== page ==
Business Rural North Autumn 2021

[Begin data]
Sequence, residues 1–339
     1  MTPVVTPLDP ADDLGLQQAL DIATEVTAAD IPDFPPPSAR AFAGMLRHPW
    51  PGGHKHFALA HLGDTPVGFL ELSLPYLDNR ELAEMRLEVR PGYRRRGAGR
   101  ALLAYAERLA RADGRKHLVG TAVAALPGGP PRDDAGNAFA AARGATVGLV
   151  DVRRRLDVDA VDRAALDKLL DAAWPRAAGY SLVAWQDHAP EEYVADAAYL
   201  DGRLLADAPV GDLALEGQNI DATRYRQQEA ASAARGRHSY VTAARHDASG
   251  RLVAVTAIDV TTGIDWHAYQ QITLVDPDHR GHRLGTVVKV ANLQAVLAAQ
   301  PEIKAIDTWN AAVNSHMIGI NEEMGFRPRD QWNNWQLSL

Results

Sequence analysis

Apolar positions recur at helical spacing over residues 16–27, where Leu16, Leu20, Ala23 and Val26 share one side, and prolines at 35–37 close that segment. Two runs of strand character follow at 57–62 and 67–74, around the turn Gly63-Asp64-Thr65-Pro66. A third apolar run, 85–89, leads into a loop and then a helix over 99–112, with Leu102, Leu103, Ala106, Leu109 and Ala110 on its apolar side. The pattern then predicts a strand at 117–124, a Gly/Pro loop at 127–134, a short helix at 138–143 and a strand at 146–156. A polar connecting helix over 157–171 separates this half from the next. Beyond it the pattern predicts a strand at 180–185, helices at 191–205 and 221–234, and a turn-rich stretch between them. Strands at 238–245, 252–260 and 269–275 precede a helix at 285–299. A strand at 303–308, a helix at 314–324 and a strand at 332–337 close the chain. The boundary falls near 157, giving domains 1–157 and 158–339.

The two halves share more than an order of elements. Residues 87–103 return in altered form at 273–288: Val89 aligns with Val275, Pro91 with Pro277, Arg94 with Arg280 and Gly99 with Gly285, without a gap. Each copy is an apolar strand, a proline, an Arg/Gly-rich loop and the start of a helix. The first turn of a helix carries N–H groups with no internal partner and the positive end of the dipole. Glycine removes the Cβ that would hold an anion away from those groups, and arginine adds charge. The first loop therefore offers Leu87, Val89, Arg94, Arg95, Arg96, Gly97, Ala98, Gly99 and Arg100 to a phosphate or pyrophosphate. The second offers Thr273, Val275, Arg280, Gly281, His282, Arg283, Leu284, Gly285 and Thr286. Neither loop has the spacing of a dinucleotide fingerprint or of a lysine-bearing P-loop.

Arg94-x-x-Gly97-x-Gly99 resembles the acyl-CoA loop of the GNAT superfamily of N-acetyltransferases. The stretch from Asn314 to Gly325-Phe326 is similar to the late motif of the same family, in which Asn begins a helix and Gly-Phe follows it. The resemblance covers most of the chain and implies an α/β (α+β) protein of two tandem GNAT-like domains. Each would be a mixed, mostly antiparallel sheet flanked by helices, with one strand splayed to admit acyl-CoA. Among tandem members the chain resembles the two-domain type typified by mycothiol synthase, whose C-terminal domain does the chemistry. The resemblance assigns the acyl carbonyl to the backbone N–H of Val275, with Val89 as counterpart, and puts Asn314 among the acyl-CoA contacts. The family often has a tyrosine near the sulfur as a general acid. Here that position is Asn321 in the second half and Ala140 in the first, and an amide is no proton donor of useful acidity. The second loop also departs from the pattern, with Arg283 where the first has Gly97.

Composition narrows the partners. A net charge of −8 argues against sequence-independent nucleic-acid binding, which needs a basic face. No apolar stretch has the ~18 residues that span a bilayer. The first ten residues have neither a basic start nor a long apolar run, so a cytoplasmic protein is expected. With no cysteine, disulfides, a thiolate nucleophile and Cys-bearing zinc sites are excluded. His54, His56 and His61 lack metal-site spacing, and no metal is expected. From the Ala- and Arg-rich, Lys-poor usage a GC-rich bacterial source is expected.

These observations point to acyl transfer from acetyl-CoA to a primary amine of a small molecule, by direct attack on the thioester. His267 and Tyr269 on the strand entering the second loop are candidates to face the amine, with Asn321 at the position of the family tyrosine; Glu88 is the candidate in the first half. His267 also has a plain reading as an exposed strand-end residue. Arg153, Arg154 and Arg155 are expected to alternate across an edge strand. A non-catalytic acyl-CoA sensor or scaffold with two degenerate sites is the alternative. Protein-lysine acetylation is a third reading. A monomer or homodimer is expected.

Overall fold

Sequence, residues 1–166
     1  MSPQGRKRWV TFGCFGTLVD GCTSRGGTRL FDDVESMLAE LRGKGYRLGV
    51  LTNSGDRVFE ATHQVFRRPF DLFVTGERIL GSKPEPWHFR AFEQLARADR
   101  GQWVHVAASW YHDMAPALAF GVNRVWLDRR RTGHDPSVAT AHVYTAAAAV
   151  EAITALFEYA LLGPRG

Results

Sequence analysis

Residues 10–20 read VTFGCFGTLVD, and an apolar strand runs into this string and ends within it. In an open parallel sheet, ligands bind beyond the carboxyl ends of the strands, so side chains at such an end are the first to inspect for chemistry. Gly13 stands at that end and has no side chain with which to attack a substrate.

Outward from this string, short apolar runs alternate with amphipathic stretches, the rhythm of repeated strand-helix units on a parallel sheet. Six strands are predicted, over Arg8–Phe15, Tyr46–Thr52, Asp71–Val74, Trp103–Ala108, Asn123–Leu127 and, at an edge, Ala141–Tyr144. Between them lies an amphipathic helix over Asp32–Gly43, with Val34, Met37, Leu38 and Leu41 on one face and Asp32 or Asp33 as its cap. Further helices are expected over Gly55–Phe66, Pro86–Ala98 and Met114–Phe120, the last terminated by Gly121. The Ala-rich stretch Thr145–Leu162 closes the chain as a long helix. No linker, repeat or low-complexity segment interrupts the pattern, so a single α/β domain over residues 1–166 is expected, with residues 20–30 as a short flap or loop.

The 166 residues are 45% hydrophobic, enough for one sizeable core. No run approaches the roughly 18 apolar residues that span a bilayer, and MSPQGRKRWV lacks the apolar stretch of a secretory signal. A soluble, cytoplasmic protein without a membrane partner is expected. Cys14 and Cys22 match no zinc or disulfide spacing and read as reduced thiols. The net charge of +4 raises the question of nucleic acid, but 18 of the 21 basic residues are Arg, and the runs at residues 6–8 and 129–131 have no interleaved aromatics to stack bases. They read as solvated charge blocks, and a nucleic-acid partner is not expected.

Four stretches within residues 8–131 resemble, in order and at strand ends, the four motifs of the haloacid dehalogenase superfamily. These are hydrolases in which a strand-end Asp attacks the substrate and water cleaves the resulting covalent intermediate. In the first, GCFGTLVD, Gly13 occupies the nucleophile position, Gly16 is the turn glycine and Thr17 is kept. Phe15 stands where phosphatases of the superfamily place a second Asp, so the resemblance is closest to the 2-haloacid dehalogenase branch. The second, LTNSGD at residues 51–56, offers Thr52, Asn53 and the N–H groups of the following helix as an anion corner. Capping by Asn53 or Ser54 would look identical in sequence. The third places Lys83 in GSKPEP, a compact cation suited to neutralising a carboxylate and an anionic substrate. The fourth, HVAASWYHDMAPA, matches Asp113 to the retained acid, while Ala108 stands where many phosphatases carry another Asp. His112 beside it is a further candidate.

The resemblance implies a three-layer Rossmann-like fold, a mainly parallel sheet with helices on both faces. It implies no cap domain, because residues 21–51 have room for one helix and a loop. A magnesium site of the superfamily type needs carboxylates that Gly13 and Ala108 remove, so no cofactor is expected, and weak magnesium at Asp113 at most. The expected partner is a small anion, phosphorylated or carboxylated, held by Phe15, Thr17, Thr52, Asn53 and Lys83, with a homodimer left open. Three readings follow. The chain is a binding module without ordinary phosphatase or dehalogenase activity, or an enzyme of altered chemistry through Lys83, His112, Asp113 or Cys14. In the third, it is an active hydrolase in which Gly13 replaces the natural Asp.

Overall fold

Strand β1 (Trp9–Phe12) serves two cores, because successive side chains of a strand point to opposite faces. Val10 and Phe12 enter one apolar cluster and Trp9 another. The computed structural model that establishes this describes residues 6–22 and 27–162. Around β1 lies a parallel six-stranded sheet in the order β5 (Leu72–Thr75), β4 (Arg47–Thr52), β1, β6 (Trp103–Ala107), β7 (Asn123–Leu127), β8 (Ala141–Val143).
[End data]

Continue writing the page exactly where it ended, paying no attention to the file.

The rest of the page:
18 | RURAL PEOPLE » Hugh & Sharon Ritchie Strip tillage a tool to Karen Phelps “We are also considering, can we build soil carbon as a mitigation and options for perennial rather than annual crops, which would reduce the need for cultivation.” Hugh Ritchie’s strip tillage unit folded up (above) and at work in maize-sweetcorn configuration (at right). “Proud to support Hugh Ritchie” CHOTE BROS Ltd Bulk and General Transport Fertiliser - Airstrip Delivery Hay and Baleage Grain and Seed Metal Supply and Cartage Wool General Farm Cartage - Machinery Timber etc For a complete bulk and general transport service with great pricing and service. Contact William Chote 027 448 2014 RMD Transport are a family owned and operated company based out of Mt Maunganui. We are farm delivery specialists, servicing the North Island for the past 20 years. We can supply and deliver all your farm requirements with competitive rates and prompt delivery. Call Mark for a quote on 0800 428 528 • Supply & deliver all your bulk farm requirements • Bulk cartage at Competitive rates • Prompt Delivery • Stockfood from all Major Suppliers • Farm delivery specialists North Island wide BULK CARTAGE SPECIALISTS hand, exposes the soil to wind and rain erosion and wastes the carbon stored it. As an example, he says that he uses less than 10 litres of diesel per hectare compared with 40 litres for full cultivation. He sees it as “one of the levers” that farmers could pull to meet climate change legislative requirements. “We are also considering, can we build soil car- bon as a mitigation and options for perennial rather than annual crops, which would reduce the need for cultivation,” he says. Another part of the Ritchies’ strategy to farm profitably and sustainably is to move to double cropping in some instances to obtain two crops in one season, and shift to higher value crops. “We also believe there could be the opportunity to use the provenance story of New Zealand to add value as people want to know where their food has come from. People went back to basics during lockdown and commodities were in demand. So can we create value from the New Zealand story both locally and internationally?” The Ritchies have already started adding value and diversified their business investing in a feed mill to process some of their grain into animal feeds. They have created custom mixes to meet specific demands including various calf meals and beef mixes. They work with a local nutritional company to develop specialised products. Hugh says they obtain a better price for their grains and customers also desire quality assurance such as there are no genetically modified products in their feeds; something the Ritchies can give them. “It’s about creating markets and getting a price premium. It’s another string to our bow.” C hair for the Foundation for Arable Research and Horticulture New Zealand board member Hugh Ritchie believes that seeing change as a positive for his farm rather than a burden could help him to farm more efficiently. He and wife Sharon are looking at opportunities for their land in response to both legislative changes and market demands. The couple, that farm just over 2000ha over two units in the Hawke’s Bay, have a mix of cropping, lamb and beef finishing. They winter up to 10,000 lambs and finish 1500 bulls each year. Hugh says the units work in together and so strict planning and management is essential. The couple say they plan to make incremental changes to their farming system but are happy to be already ahead of the game as they have focused on sustainable production and care of soils for many years. Hugh was a LandWISE Founder, a group that coordinates on-farm research and development around arable cropping, and has been involved from the start and contributed to development of strip tillage. The idea is now well established in New Zealand, he says, yet still only a small percentage of farmers are using it, something he puts down to barriers around perception and change. But with water quality and carbon targets he believes more farmers should consider strip tillage more seriously. It is the only method the Ritchies now use on their farm for row crops, apart from their carrots, due to the specific nature of that crop being unsuited to the method. Hugh’s strip tillage machine uses the concept of zone tillage and he has adapted the unit for maize, squash, beans and sweetcorn crops. A knife is used to cut a slot in the soil and it has a bulb on the end to break up the soil, making a loose crumbly growing medium beneath the surface so that the seeds’ roots can spread. Gathering discs ridge the soil back into the slot made by the knife and a cage roller levels out the surface. Hugh says benefits of strip tillage include stop- ping wind erosion, reducing costs and caring for all types of cropping soils. Using a plough, on the other